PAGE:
Google Antitrust Case Misses the Point

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The issue with whether Google is or is not a monopoly isn't merely its search dominance: It's Google's ability to control online advertising and, increasingly, what we read or don't read.

This isn't entirely Google's fault, but a company whose goal seems to be to index and, if possible monetize and even appropriate, all the world's public information is going to run into antitrust problems eventually, right?

It used to be there were hundreds of thousands of gatekeepers to the world's information stores. Think of these people as being newspaper editors, TV and radio, book publishers, corporations, even the proverbial "man on the street."

All these people are being rolled up into the colossus that is Google. People rely more and more on its search engine to tell them what to think. We don't troll the Internet as much as we used to looking for information, we just let Google do it.

Google's results are a big deal in determining what people read and, increasingly, in what people write. Search engine optimization, which is to say the mystical art of giving Google what it wants, is a growth industry that has already changed the nature of the online content we read.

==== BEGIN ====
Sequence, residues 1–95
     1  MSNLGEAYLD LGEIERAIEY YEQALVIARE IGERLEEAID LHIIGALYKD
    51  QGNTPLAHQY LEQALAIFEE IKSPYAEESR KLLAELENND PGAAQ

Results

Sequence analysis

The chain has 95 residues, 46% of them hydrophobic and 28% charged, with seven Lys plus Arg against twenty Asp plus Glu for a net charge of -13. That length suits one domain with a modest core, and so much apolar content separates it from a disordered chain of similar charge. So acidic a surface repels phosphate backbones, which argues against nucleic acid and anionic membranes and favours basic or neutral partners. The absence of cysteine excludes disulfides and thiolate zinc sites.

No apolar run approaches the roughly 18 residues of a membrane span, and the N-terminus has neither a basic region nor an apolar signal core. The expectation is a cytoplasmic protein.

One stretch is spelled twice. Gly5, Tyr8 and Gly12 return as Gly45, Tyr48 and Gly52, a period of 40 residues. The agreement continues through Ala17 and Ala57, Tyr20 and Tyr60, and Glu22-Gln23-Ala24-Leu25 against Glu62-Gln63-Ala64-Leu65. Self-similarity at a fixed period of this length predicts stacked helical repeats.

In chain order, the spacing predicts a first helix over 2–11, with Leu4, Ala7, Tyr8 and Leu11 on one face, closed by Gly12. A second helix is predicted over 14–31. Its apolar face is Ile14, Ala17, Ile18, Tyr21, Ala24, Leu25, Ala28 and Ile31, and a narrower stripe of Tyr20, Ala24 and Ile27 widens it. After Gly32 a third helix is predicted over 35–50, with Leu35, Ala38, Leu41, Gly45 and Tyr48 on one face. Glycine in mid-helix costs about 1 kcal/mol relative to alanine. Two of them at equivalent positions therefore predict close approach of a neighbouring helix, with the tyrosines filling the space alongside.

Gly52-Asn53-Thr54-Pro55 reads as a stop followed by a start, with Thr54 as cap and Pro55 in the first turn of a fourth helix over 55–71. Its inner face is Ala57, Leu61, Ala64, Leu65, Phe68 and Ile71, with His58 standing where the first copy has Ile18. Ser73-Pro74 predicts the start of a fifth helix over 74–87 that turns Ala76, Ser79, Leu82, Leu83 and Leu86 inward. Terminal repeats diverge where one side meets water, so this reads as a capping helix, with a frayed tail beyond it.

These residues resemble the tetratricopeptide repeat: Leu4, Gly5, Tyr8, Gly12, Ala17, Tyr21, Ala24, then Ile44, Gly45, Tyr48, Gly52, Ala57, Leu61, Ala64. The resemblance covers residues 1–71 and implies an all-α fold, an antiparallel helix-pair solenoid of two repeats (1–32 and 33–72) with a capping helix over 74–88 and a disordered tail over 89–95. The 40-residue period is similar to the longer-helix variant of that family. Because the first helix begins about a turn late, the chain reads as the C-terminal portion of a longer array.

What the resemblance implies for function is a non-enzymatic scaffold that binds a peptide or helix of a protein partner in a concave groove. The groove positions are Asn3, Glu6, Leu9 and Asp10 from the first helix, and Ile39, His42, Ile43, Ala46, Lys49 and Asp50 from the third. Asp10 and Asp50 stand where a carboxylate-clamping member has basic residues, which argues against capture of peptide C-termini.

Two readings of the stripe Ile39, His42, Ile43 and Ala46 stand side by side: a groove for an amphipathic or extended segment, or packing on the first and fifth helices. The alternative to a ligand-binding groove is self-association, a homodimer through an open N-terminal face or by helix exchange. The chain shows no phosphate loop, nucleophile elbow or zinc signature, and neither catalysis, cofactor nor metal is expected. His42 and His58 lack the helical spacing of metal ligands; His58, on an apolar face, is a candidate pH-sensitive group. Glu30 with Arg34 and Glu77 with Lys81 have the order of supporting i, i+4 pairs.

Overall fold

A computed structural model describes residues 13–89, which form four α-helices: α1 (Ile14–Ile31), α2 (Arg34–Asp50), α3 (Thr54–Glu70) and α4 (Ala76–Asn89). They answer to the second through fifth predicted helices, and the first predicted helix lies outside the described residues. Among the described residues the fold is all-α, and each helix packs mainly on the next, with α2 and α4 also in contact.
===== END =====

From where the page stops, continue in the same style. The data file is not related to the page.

Google has yet to really develop a computerized sense for content quality and it can be hard to create a search that provides the desired results. Google is working on this, of course, even as it gobbles up all the information it can find online and, increasingly, offline as well.

On the advertising side, Google has played a huge role in what many see as a total collapse of the model that had advertising paying for free or low-cost content for the masses.

Google now makes that content available, but doesn't really contribute much to paying for its creation. That may turn out to be a good thing or a bad one, but right now it's a disruption with no end in sight.

Antitrust regulators will look at this merely as a business issue--is Google too big for the good of the marketplace. What they really should be asking is whether Google is gaining too much control of another marketplace--that of ideas.

David Coursey loves Google, and that concerns him. He tweets as techinciter and can be e-mailed using the form at

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